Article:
Campaign reminds Nova Scotians of workplace safety

Rise in workplace fatalities demands greater preventative actions

The Workers’ Compensation Board and the province’s Department of Labour launched a new workplace safety campaign Friday that aims to remind workers of the importance of their loved ones.

The video depicts a child waiting on his father, a wife waiting on her husband and a dog waiting on his owner—all with the hope that they will come home safely. The message is geared towards workers and employers in what the board’s website says is “a call to action for workplace safety that tells the story about why workplace safety matters.”

The campaign follows a string of recent workplace deaths in the province.

Twenty-eight Nova Scotia workers — young and old — have not come home this year.

Most recently, it was a 21-year-old man who fell six storeys to his death while doing construction work for an apartment complex in Clayton Park in Halifax.

This was the same site where another young man — 25 years old — was pouring concrete and sustained the six-storey fall but is still recuperating from injuries.

 

The apartment complex in Clayton Park--the site where the 21-year-old man fell to his death and another man was injured.
The apartment complex in Clayton Park-the site where the 21-year-old man fell to his death and another man was injured. (Photo: Celina Ip)

Chrissy Matheson, the media relations adviser for the Department of Labour and Advanced Education, said this year’s 28 work fatalities include sudden deaths as well as those that happen over a longer period of time.

“We factor in all deaths related to the workplace: acute and chronic. The ‘acute’ deaths include falls, drownings and other accidents that happen very suddenly. ‘Chronic’ is a workplace term which reflects deaths that happen over a long term — so someone may have been injured 20 years ago but only died from those injuries now.”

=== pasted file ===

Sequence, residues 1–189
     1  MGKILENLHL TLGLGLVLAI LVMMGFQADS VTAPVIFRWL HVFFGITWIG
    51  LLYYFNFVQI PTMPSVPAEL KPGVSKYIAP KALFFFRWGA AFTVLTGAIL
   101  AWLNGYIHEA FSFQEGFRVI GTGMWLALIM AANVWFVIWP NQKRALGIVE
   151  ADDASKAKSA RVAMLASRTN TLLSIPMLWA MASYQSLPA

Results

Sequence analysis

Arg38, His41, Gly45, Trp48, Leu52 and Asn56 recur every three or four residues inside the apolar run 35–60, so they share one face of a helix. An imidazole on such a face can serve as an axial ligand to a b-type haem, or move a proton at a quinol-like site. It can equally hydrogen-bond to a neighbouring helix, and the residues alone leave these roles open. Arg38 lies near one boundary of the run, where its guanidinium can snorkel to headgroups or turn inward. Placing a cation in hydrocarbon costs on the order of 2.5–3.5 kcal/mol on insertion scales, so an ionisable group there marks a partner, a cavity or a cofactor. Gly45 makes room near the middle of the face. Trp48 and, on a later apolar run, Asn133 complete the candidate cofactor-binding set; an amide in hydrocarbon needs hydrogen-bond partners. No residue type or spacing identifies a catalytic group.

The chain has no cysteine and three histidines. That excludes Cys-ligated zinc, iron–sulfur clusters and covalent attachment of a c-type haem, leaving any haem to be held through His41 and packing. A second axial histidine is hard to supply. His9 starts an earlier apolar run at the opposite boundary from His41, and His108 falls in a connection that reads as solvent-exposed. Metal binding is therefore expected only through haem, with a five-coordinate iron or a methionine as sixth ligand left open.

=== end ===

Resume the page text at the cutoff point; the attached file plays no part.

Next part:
Workplace fatalities in Nova Scotia from 2008-2013.

 

The board’s website states that in 2012 almost 3,500 Nova Scotians under age 25 were injured on the job.

Tony Tracy, the Atlantic regional representative for the Canadian Labour Congress, says that many times the employers are responsible for these injuries and fatalities.

“In some cases these employers should be thrown in jail—and the law does allow it,” he said. “Many times workers’ deaths are no accidents, but the employers are killing them by not providing necessary training or a safe workplace.”

The provincial Department of Labour’s investigations into workplace injuries and fatalities can take up to two years before anyone is prosecuted. Since the Westray Bill—also known as Bill C-45 in the Canadian Criminal Code—was passed in 2004, to date there have been only eight cases where charges have been laid under the bill. Although, at the time the law was being discussed in parliament, the government stated that the criminal law must be reserved for the most serious offences, those that involve grave moral faults.”

Jacques Lapointe, the attorney general of Nova Scotia, released a report last week which criticized the work of the former NDP government and made recommendations for changes to be enforced with the Department of Labour in order to prevent future workplace deaths and injuries.

A few of these recommendations were as follows:

The Department should…

  1. Establish inspection targets for the Occupational Health and Safety Division and its regions to ensure inspection staff focus their efforts on the higher-risk industries identified by the Department. Inspection targets should be documented in an annual plan and monitored.
  2. Evaluate inspection results against the annual plans to determine if targets were met and where adjustments need to be made.
  3. Communicate with the Nova Scotia Business Registry and Workers’ Compensation Board to establish a process to obtain information on registered new businesses on a regular basis.
  4. Develop and implement inspection checklists.

Tracy commented on Lapointe’s criticism that the department wasn’t following up after identifying safety violations.

“These employers need to be ticketed and stop-work orders need to be issued,” Tracy said regarding the lack of followups. “Action needs to be taken.”

The provincial Department of Labour says it will be following up on Lapointe’s recommendations and ensure that employers comply with workplace safety rules and regulations.

According to data from the board, only 27 of 100 workplaces with the worst safety records were inspected over the most recent one-year period examined.

The department will target these higher-risk workplaces and has hired five new employees including investigators.

To report an unsafe workplace, contact the Occupational Health and Safety Division of the Department of Labour and Advanced Education at 1-800-952-2687 or fill out their online Secure Inquiry Form.

Do you know someone who has suffered a workplace injury or died on the job?

View Results

Loading ... Loading ...